• Dimming and blurring of vision. Often written off as presbyopia, or the loss of ability to focus as a result of normal aging, blurring can be a sign of cataracts.
  • Halos or glare from around lights. Lights, artificial or not, appear with a halo around them or with abnormal amounts of glare. Driving at night can become difficult as a result.
  • Double vision. Cataracts can produce double vision as the focusing ability is lost.
  • Faded colors. The vibrancy of color slowly disappears as cataracts develop, and the world looks faded out.
  • Feeling of a "film" over the eyes. Those suffering from cataracts frequently complain that there is a film over their eyes.
  • Frequent cleaning of glasses. Those already wearing glasses tend to clean them frequently, trying to get rid of the fog produced by cataracts.
  • The world turns yellow. Although seldom noticed until the cataracts are removed, the world often takes on a dingy, yellowish tint.
  • If only one eye is affected, there is a loss of depth perception. The brain may "shut down" that one eye, leaving only one eye to see with. It takes two eyes to produce depth perception, so much of that ability can be lost.

Diagnosing Cataracts

Part of the problem with self-diagnosing cataracts is that many of these symptoms are shared with other problems. In addition, they often come on so slowly that they are hardly noticed for some time. The yellowish tint, for instance, is seldom reported at all until after the problem is repaired and white is actually white again. If you feel that you may have cataracts, a visit to an ophthalmologist is necessary for a complete diagnosis.

The two photos above may give an idea of what cataracts do; colors have faded out, the focus has decreased, and details have been lost. The most obvious change when one begins to get cataracts is probably a loss of focus; reading becomes difficult, whether a book or a computer screen. Details of everything are lost, sometimes to the point that a person standing 50 feet away can't be identified.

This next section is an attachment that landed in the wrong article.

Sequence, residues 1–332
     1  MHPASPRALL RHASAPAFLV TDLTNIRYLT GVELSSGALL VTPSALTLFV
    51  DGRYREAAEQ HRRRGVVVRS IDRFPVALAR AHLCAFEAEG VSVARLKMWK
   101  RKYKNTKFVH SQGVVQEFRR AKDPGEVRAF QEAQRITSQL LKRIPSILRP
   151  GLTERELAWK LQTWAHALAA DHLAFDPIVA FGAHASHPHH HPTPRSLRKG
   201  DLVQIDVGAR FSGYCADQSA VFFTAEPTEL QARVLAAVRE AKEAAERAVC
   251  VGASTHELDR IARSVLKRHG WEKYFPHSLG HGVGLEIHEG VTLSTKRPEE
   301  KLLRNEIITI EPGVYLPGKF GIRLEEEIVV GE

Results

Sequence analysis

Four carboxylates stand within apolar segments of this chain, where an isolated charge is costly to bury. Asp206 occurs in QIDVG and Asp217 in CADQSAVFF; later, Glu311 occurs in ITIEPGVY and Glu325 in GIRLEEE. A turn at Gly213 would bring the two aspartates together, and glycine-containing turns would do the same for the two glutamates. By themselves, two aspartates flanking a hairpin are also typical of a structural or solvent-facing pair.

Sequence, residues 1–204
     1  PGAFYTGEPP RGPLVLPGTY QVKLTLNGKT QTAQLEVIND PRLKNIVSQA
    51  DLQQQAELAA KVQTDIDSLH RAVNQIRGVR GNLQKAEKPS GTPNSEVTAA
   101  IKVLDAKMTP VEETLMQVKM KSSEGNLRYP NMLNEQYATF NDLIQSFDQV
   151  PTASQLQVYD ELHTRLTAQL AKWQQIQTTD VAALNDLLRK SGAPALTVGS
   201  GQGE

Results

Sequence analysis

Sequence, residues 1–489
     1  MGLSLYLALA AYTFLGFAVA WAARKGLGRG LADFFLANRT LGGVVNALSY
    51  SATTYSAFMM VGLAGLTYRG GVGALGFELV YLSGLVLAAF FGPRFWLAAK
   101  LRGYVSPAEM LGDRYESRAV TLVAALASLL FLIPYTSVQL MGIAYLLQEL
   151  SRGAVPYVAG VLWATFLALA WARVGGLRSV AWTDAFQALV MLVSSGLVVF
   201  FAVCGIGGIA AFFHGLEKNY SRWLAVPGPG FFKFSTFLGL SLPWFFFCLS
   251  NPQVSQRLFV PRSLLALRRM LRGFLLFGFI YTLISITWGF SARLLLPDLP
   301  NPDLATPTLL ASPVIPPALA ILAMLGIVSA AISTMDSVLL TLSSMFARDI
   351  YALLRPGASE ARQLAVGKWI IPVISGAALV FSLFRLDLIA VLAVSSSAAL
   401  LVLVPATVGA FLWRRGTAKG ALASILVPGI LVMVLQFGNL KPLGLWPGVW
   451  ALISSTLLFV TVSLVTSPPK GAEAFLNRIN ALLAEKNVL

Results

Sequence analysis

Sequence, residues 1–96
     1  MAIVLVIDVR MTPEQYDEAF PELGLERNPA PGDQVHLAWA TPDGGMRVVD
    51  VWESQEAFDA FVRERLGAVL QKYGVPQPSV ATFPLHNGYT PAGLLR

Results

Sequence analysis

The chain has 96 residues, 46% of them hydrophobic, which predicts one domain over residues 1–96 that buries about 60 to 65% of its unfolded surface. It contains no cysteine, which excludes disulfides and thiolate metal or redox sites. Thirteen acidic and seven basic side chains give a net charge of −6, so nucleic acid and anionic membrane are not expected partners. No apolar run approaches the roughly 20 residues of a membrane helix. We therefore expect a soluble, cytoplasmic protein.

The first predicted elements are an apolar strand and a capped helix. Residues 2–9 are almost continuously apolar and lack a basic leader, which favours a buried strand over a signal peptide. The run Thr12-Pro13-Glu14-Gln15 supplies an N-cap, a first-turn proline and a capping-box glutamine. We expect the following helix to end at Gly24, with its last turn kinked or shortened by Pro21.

Getting Rid of Cataracts

Once you have positively identified cataracts, the next step is to get rid of them—and that means surgery. Although the very thought of someone cutting into your eye is frightening, to say the least, cataract surgery is the most common surgery in the world and has a very high success rate.

Cataract Surgery

Performed on an outpatient basis, the actual surgery normally takes only about 15 minutes, and recovery is short. You should be home within a couple of hours and able to perform most daily tasks within a day or two.

Cataract surgery consists of removing the old lens and implanting a new artificial lens. You will be asked to choose a lens, either a standard lens or one of the newer "premium" lenses, and the choice is not easy. Premium lenses (an IOL) will cost considerably more, are generally not covered by insurance, and there are other considerations as well.

For a more comprehensive discussion of choosing an IOL or having cataract surgery, please read the articles linked, as they go into much more detail than can be done here.

Act Quickly

Whatever you do, though, don't simply do nothing. Your vision is a very important part of your life and must not be allowed to deteriorate. If cost is a prohibiting factor, don't let it continue to be one; there are options if you have no insurance or can't cover the deductible if you do.